After weeks of denial, Pakistan for the first time on Monday acknowledged that F-16 jets were “airborne” during an attempted air strike on military installations in Rajouri sector of Jammu and Kashmir.
Pakistan’s military spokesman Major General Asif Ghafoor, however, said it was meaningless to question whether JF-17 Thunder aircraft or US-built F-16 jets were used to shoot down two Indian Air Force (IAF) aircraft that violated Pakistani airspace on February 27.
“Whether it was F-16 or JF-17 which shot down two Indian aircraft is immaterial. When the Indian planes crossed the LoC, all of PAF’s aircraft, including F-16s were airborne,” the military’s media wing said in a statement.
So far, Pakistan had rejected India’s claim that it used US-made F-16 fighters jets against India in retaliation to its pre-emptive strikes on terror camps in Balakot.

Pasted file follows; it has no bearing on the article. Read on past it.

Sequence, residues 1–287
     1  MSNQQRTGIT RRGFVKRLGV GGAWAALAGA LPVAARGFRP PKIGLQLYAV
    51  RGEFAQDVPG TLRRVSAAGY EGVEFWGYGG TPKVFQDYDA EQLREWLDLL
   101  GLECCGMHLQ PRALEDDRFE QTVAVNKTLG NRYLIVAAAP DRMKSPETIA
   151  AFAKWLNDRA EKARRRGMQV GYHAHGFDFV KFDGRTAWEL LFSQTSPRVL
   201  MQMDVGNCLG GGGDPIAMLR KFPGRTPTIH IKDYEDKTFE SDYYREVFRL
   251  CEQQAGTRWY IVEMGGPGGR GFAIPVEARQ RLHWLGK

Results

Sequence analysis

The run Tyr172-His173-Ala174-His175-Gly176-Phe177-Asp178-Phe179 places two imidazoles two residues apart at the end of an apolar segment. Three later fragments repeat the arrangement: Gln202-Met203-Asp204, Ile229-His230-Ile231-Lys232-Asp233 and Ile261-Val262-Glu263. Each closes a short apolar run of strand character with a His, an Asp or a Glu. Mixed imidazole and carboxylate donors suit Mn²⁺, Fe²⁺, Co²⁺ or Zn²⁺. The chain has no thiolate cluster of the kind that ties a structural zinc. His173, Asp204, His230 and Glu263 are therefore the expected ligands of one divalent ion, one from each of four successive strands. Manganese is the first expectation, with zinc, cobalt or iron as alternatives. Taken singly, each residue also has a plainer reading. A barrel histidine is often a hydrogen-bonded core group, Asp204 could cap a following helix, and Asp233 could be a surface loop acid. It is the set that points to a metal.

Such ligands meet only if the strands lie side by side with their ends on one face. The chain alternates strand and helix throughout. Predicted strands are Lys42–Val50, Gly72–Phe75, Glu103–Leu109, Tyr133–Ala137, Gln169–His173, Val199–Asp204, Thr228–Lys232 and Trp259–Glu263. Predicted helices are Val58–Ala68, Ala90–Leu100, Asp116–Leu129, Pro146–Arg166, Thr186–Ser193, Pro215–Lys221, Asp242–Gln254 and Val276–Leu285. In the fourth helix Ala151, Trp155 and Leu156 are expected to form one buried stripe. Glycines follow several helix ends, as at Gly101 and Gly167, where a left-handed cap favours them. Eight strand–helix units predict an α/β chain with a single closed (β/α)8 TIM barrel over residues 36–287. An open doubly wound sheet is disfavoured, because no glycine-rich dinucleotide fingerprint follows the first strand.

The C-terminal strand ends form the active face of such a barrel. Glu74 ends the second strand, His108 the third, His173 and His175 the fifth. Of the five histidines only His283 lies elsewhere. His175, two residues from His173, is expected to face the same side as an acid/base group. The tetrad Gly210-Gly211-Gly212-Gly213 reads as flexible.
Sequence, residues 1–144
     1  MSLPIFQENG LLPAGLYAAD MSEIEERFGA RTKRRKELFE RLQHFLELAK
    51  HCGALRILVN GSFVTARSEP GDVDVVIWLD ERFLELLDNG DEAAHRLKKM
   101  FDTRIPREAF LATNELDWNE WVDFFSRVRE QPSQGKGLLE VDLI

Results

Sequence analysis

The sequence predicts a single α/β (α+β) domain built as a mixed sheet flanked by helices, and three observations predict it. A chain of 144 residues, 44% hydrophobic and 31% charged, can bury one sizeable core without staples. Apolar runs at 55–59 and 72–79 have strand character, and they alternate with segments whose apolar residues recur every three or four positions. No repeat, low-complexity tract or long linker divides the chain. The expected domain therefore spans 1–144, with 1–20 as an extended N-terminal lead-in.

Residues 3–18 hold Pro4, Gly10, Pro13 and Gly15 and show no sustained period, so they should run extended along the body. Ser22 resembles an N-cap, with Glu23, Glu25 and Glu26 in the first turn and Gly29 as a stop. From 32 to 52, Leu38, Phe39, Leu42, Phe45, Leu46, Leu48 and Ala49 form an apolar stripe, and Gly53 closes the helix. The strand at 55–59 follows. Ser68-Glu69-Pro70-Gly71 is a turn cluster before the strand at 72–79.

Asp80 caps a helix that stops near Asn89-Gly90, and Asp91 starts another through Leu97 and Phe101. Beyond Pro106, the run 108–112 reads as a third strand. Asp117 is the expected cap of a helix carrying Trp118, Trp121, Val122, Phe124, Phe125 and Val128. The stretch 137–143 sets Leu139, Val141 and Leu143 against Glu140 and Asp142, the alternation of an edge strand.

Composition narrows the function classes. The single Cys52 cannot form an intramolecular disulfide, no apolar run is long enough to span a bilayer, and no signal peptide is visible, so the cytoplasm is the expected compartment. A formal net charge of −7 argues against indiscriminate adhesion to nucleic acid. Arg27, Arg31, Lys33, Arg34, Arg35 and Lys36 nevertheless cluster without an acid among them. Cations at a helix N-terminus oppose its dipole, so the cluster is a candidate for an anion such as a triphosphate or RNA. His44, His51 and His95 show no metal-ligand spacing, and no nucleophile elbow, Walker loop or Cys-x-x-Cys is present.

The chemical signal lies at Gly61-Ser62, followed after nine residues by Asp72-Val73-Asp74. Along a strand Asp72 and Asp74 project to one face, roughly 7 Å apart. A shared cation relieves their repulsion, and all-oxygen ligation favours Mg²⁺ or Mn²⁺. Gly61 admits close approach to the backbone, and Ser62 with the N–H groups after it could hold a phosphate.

A day after the incident, the IAF displayed parts of an AIM-120 AMRAAM (Advanced Medium-Range Air-to-Air Missile) fired by an F-16, which fell in Indian territory.
AMRAAMs can only be fired from F-16 aircraft and India had alleged that Pakistan violated the end-user agreement with the United States. The US does not allow F-16s to be used in an offensive role.
The US State Department has already sought more information from Pakistan on the potential use of F-16 jets against India in violation of the end-user agreement.
Ghafoor also rejected New Delhi’s claims that an F-16 was destroyed by Indian Air Force during the standoff. “The event of February 27 is part of history now. No Pakistani F-16 was hit by Indian Airforce,” he said, adding that Islamabad retained the right to use “anything and everything” in its self-defence.